14 February 2008 | Cheyenne-Bodie
Night life on the Sunset Strip circa 1960
Thirty-year old Skip Homeier played Lieutenant Dan Raven, who worked out of the Hollywood sheriff's office. Raven worked the night beat, as suited his name. Raven never ran into "77 Sunset Strip" private eyes Stu Bailey or Jeff Spencer, who must have been working cases near by.
"Dan Raven" was an hour-long detective drama series. It was on NBC Friday nights at 7:30 eastern during the first half of the 1960-61 season. "Dan Raven" was produced by Screen Gems, the TV arm of Columbia.
The executive producer was William Sackheim ("The Law", "Delvecchio").
The producer was Anthony Wilson. The next season Anthony Wilson produced "Follow the Sun" (where he hired Homeier as a guest star.) Wilson was later executive producer of "The Immortal" (1970) with Christopher George. Anthony Wilson also created "Banacek". William Sackheim was known for bringing along talented young writers.
Guest stars included entertainers such as Julie London, Paul Anka, Mel Torme, Gogi Grant, Buddy Hackett, Bobby Darin and Paul Winchell. Sometimes the guest stars played themselves and sometimes a character who was an entertainer. Other non-entertainer guest stars included Kent Smith, Paul Richards and John Larch.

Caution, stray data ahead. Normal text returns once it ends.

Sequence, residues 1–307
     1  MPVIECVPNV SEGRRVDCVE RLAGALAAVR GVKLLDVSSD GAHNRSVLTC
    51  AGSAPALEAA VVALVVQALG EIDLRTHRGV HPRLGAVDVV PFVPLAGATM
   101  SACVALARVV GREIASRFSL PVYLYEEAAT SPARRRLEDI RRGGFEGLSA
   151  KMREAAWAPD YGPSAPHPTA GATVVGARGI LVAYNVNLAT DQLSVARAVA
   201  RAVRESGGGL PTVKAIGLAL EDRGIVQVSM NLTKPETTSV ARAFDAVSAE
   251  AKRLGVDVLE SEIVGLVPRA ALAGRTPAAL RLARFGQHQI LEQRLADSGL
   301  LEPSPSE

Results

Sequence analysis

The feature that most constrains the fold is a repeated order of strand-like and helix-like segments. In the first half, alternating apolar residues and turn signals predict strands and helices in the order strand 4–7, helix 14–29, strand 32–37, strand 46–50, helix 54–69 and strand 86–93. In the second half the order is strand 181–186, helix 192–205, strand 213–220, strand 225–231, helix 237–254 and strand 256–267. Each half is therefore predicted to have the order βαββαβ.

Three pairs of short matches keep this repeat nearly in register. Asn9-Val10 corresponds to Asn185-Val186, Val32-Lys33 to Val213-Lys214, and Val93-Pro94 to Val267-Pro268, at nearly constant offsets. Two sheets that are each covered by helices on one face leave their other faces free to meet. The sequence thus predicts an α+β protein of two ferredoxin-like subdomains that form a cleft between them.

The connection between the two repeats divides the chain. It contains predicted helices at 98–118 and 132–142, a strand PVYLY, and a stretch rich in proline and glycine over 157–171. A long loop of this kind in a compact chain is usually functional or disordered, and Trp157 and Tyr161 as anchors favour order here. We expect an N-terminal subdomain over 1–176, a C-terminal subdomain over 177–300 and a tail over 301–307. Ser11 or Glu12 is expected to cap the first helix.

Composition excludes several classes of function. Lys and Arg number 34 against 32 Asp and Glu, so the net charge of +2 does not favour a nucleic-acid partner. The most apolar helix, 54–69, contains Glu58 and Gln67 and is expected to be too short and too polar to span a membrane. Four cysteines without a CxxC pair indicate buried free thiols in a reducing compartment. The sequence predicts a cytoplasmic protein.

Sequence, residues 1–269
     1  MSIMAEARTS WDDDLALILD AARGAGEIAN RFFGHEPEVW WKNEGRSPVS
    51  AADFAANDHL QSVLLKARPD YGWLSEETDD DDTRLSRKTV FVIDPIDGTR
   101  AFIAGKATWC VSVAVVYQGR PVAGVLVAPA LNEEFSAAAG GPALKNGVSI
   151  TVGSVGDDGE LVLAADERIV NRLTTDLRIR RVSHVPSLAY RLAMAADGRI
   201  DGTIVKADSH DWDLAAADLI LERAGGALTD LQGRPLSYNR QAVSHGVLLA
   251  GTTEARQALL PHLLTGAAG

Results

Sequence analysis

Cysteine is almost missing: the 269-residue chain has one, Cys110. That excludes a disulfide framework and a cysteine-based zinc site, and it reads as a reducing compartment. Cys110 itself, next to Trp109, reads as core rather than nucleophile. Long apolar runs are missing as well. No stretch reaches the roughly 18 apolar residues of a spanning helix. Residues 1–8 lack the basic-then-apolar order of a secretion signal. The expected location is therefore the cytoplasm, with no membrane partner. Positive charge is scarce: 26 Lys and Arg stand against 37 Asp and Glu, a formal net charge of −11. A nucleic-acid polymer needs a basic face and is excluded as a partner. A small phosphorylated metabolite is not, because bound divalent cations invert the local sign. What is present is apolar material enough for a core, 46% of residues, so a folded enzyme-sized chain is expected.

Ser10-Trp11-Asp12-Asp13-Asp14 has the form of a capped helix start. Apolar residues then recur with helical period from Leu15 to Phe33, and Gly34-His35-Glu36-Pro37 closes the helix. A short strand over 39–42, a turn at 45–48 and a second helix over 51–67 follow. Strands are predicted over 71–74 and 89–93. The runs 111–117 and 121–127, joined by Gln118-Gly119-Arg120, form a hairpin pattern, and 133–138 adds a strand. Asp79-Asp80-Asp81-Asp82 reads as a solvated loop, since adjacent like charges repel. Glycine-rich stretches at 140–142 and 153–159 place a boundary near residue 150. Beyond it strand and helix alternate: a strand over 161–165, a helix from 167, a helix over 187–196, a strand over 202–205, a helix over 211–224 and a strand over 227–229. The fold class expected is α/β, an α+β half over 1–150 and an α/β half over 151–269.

The creators of the Dan Raven character were Donald L. Gold ("Diagnosis Murder") and Jonas Seinfeld.
Skippy Homeier made his film debut at 14 as a Nazi youth in "Tomorrow Never Comes". He must have made an indelible impression. My father commented on the performance whenever he saw the adult Homeier. In his twenties Homeier excelled at playing virile but violent young men with strongly neurotic tendencies ( e.g., "Halls of Montezuma"). Dan Raven was one of his few straight leading man roles, and there still seemed to be a hint of the neurotic about him.
Skip Homeier got a supporting series role ten years after "Dan Raven" on "The Interns", although now he was billed as G.V. Homeier. Homeier made a fine authority figure as senior doctor Hugh Jacoby. Homeier was also impressive a couple of years later as the judge in the TV movie "Helter Skelter".
I watched an episode of "Dan Raven" on DVD last night. The writing, directing and acting still hold up a half century later. Not a great show but a nice try. The show had a viable premise and a lead actor who could have become a star.
Six years after Dan Raven, Burt Reynolds played another detective lieutenant who worked the night beat, but this time the show was set in and filmed in Manhattan. That detective also had a bird's name-Hawk.